Letters; Milroy family--Correspondence; Oaths--United States; United States. Army--Drill and tactics; Emancipation Proclamation; Milroy, Mary--Travel preparations
A letter to Milroy's wife, Mary, writing that "My will is absolute law" in Winchester. People needing supplies from Baltimore ask for passes and are denied unless they take the oath. He writes about the Emancipation Proclamation, and the local...
A letter from Milroy's wife, Mary, letting him know that she is making preparations to come visit him, but is awaiting a pass and directions. She also writes of the man, Tatman, who stole money from them.
A draft of a letter sent to Adjutant General's office, summarizing Milroy's military career and asking for reinstatement of duties. Accompanying this letter is a letter from Major Gordon, also outlining his military efforts during the war.
Letters; Milroy family--Correspondence; Refugees--Southern States; Conferederate States of America. Army--Recruiting, enlistment, etc.
A letter to Milroy's wife, Mary, letting her know that he sent more money home. He hopes she got it, unlike the last bit he sent. He talks of refugees, and his desire to offer them protection, but is not allowed to. The Confederate army was...
Letters; Milroy family--Correspondence; Jasper (Horse); Home life; Finances, Personal
A letter from Milroy's wife, Mary. She asks for more money when he can send it, as she wants to buy her winter's supply of wood. She received a letter from a friend who heard false reports that Milroy was crossing the Potomac.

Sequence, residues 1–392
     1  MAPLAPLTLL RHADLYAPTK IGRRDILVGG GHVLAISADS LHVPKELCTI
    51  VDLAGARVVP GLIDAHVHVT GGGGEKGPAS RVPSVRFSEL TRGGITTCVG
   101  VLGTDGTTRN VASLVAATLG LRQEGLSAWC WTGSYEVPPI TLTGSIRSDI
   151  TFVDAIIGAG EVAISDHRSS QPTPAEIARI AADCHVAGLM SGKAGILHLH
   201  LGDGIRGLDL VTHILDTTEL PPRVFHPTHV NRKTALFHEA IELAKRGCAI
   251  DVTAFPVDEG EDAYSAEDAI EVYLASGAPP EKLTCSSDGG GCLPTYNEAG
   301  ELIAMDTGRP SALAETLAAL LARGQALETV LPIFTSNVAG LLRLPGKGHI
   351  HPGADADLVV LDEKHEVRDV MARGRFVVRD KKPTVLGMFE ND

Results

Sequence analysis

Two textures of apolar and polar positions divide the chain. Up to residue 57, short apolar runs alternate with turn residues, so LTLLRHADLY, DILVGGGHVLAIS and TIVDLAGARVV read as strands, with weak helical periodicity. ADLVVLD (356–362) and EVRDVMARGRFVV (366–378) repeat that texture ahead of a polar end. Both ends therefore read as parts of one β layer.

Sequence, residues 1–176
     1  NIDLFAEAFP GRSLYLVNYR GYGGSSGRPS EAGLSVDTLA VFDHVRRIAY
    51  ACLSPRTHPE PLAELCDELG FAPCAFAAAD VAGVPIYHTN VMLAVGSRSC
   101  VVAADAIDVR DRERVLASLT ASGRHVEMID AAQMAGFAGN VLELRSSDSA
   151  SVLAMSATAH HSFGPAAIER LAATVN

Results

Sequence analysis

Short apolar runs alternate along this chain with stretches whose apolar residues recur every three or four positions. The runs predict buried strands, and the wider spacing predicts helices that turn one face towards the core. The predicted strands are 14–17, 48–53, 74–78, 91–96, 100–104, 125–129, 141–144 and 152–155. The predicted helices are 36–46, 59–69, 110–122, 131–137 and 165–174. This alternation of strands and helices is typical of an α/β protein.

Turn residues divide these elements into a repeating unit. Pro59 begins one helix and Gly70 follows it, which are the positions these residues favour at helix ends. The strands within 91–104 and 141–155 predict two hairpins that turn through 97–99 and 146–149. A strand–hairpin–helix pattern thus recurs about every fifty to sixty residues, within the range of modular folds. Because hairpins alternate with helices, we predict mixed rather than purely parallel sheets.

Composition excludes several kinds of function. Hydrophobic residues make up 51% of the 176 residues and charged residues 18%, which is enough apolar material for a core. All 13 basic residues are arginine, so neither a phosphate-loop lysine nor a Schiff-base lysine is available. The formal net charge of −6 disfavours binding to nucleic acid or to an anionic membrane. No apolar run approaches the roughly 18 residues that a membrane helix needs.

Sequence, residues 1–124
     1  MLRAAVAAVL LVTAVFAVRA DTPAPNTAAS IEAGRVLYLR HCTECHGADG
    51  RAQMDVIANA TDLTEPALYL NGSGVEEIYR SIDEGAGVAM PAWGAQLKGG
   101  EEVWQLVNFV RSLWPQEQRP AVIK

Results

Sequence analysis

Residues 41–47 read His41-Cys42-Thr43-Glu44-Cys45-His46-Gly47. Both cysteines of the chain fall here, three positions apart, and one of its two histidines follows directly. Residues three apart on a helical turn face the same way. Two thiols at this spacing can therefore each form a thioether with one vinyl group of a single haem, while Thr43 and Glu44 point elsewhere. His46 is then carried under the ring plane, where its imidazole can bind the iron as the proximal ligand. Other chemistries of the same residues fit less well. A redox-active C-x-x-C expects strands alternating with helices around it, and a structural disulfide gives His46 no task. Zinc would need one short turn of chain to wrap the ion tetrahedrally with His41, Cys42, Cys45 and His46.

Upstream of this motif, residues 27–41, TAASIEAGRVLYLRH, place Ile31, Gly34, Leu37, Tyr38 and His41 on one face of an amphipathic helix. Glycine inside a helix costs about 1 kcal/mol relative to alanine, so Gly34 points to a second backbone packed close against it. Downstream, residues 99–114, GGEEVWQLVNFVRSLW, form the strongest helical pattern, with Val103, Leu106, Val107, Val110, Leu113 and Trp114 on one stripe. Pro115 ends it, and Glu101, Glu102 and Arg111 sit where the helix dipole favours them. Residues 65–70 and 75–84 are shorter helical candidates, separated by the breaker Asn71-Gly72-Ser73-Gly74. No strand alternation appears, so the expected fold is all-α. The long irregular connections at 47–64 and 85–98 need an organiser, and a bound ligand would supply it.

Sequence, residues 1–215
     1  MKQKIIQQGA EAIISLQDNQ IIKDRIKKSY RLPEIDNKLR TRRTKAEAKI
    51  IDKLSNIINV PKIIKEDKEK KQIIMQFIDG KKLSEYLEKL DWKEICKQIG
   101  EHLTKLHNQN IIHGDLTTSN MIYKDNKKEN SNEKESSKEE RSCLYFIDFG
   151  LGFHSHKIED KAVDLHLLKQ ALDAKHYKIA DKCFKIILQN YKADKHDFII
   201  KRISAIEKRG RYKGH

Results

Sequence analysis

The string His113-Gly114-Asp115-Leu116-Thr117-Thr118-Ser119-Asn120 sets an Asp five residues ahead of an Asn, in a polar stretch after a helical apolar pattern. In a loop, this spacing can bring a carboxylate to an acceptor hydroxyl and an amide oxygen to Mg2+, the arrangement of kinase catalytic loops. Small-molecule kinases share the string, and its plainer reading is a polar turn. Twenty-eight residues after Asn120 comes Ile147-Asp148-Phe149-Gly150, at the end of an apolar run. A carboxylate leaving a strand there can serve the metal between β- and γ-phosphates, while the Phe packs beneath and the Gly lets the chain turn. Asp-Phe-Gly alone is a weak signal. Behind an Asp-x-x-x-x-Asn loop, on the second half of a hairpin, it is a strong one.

Letters; Confederate sympathizers; Home life; Travel preparations; Milroy family--Correspondence
A letter to Milroy's wife, Mary, letting her know that he has moved to Nashville, and is in command there while Rousseau is out on a raid. He has taken steps to make southern sympathizers nervous. He asks of things at home, and hope that Mary can...
A letter from Mary's brother, Val, who writes about newspaper accounts of her visit to Winchester. He writes about Milroy's retreat from Winchester, and Halleck's intention to crush Milroy for it. He also writes of Morgan's raid into Indiana.
A letter to Milroy, expressing support. Alexander states that public opinion in Ohio is swinging to Milroy's side. "Butternutism" is on the decline in Ohio. Alexander rejoices in the Emancipation Proclamation.
Letters; Milroy family--Correspondence; Encouragement; Home life
A letter from Milroy's wife, Mary, offering encouragement and support after he was relieved of his command. She relates a conversation she had with Walter; she felt the Union should starve the rebels out, and that upset Walter.
A letter from Milroy's wife, Mary, letting him know that she received the Richmond and New York newspapers with accounts of his retreat from Winchester. Mary and many friends and relatives think Halleck should be removed from office.